When I graduated from the Milwaukee Center for Photography I thought I could be good in many types of photography: landscapes, editorial, reportage, portrait, architecture, street, food, large format, travel, urban. So, I did anything I wanted, never settling down on one style. I still shoot like that. I find switching from one style to another very easy. That said I do tend to use certain format cameras for certain styles but even within those constraints there will be some crossover. Most photographers settle on one style and eventually they acquire their "look" but life is short and I dislike the constraints of one style just like I don't have regard for any one food. It will always be the smorgasbord for me.

Some more info....

I have slowed down shooting with the large format camera. The size and weight and the lack of spontaneity being a few of the reasons. I mostly shoot digital now. These cameras are set for monochrome, some are converted to capture infrared. Shooting only Black and White is a limitation I find exciting. I often use this analogy: When you photograph a banana in color you see yellow. When you see a banana in black and white you see the lines and spots, the curve and the tone. You know it's a banana but now the subject is not the color. A beautiful black and white print will let the viewer explore the image without some color overpowering the whole.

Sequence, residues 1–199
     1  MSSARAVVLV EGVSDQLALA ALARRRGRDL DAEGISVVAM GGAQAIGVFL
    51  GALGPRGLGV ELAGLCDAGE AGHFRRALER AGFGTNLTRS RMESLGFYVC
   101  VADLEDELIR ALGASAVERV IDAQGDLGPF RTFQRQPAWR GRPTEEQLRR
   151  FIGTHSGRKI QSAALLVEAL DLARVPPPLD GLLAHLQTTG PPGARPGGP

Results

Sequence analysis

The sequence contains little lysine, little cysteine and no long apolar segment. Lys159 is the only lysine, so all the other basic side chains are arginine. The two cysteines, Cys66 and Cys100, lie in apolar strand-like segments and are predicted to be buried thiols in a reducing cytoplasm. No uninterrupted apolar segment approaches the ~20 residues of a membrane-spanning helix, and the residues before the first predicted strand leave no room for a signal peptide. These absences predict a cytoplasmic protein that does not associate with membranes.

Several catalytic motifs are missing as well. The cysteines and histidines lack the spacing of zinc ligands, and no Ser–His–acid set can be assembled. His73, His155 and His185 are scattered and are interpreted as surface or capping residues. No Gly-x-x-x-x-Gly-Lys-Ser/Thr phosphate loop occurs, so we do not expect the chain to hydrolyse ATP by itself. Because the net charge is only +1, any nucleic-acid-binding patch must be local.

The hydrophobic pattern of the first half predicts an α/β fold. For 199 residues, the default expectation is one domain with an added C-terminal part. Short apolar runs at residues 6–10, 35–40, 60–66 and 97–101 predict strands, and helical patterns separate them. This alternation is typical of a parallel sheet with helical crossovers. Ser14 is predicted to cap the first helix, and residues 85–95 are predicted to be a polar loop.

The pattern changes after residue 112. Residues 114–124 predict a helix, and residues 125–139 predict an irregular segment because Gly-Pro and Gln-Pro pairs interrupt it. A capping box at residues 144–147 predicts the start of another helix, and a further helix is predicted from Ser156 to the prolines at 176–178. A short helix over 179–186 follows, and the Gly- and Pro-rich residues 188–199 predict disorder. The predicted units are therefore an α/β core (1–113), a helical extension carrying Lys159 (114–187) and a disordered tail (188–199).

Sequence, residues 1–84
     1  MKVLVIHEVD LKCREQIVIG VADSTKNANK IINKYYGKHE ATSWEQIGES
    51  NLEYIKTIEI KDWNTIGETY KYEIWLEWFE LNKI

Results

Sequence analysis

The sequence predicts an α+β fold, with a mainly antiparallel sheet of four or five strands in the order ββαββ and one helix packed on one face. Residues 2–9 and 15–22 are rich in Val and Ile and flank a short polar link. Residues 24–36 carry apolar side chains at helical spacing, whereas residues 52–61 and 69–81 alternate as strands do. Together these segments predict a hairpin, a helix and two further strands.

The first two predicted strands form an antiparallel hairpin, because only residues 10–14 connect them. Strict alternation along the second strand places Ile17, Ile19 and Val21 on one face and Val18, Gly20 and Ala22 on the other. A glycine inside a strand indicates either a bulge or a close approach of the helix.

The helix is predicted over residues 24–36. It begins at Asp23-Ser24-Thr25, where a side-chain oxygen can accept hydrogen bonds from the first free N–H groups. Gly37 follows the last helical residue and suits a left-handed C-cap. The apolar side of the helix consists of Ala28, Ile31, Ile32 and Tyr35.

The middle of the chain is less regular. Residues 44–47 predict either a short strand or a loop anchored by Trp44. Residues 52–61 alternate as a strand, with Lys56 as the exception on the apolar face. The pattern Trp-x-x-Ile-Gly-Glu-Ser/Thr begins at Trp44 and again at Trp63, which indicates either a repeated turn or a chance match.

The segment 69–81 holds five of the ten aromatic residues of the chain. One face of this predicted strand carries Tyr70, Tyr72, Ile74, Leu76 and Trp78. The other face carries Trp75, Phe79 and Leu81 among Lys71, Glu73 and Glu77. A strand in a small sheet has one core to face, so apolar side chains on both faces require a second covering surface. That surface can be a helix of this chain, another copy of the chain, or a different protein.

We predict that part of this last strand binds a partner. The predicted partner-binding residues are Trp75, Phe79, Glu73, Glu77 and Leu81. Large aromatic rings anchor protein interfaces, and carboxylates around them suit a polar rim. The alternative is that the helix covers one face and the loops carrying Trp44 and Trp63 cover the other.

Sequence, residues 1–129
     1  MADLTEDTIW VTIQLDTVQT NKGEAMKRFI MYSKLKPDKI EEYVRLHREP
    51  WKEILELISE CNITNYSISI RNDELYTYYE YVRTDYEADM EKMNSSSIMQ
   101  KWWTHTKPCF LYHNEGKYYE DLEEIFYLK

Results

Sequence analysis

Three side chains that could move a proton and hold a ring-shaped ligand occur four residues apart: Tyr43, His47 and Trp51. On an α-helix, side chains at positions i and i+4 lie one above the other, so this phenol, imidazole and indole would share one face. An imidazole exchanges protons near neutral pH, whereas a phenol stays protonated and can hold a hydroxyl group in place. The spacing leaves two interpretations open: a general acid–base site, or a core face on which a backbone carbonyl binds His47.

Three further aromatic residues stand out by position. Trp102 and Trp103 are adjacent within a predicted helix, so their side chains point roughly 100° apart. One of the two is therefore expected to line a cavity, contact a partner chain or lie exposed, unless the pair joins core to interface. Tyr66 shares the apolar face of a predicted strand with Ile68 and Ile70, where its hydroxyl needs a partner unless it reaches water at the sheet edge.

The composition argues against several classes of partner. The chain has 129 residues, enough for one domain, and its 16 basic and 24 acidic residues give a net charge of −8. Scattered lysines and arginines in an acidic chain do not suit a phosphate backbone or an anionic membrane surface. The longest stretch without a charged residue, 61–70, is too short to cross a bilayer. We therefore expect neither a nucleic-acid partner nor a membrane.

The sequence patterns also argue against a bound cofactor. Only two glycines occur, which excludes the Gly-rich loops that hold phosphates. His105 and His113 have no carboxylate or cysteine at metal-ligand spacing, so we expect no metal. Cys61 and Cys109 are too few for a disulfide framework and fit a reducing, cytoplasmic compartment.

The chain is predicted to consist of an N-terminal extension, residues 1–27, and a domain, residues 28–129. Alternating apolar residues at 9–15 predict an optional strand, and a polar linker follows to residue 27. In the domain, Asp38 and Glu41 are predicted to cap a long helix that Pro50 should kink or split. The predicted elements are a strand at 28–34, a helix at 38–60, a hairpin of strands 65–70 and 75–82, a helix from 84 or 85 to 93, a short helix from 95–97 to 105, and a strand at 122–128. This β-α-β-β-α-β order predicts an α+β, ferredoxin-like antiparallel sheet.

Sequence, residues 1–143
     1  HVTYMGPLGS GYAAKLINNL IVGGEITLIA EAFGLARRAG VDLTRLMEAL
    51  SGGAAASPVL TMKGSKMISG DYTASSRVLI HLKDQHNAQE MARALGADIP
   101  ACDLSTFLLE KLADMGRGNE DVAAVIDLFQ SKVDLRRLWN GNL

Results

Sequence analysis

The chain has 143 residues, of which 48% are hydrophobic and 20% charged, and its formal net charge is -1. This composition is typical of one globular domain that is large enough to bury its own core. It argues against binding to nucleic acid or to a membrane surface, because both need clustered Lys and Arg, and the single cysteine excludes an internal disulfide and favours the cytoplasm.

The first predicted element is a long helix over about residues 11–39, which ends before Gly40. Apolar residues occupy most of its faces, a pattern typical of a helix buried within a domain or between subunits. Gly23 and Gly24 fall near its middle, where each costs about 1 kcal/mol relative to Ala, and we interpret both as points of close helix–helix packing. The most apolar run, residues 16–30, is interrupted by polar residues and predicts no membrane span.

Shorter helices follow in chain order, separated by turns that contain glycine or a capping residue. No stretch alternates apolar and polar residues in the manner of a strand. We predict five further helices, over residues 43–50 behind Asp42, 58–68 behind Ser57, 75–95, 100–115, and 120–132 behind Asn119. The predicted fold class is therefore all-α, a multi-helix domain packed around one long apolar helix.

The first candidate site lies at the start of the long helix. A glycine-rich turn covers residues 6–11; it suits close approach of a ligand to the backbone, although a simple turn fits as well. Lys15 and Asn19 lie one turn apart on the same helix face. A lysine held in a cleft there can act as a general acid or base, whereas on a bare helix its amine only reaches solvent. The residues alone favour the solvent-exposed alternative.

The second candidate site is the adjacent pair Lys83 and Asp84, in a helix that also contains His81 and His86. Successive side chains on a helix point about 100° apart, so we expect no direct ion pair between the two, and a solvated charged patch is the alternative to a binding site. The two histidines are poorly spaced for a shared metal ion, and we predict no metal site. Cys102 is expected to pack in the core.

Back in the film era I shot a lot of infrared. Infrared is a spectrum of light that we can not see and I loved the idea of shooting in that invisible world. That mystery was so appealing I started photographing with infrared roll film and soon after 4x5. That type of film was very grainy and course and it had a very limited range. I always looked that those limitations as the flaws in fine leather. To understand how infrared could light a scene I shot under many different conditions. I did everything wrong: shot into the sun, shot indoors, shot everywhere just to see what I could do. Since light meters are not sensitive to infrared I had to learned to trust my instincts for exposure. It took many, many rolls before I could pre-visual a shot and understand how the film would respond in different lighting, environments, and to accuractly expose it. Now with a converted digital camera the range and exposure are easier to capture. Also now there is that little viewing screen to confirm what I just shot. And there is a difference in the look of tha digital image. Infrared film lacked an antihalation backing, making the hi-lights on a shot glow. Digital will not mimic this without some Photoshop work.

How I now print.

I started off making darkroom prints on silver gelatin paper; a chemically process. There are still many photographers who print that way but I have moved on. Pigment printers are what I currently use. It is the golden age for digital print media. Interestingly the media I find works well with my images is made by an old silver gelatin paper company. That Baryta media even smells like the darkroom papers of old. Getting an image to where I want it is a lot of work. Perhaps it is because of the ever increasing possiblilties to perfect an image. I often will work an image to a point and then live with a proof print for a while. Sometimes it will pass, sometimes it's back to the computer for some change. There are times when I can't help but miss the darkroom. The magic of the image appearing, the smells, the cathartic sound of running water. What I don't miss are those chemicals, the high water use and standing for hours.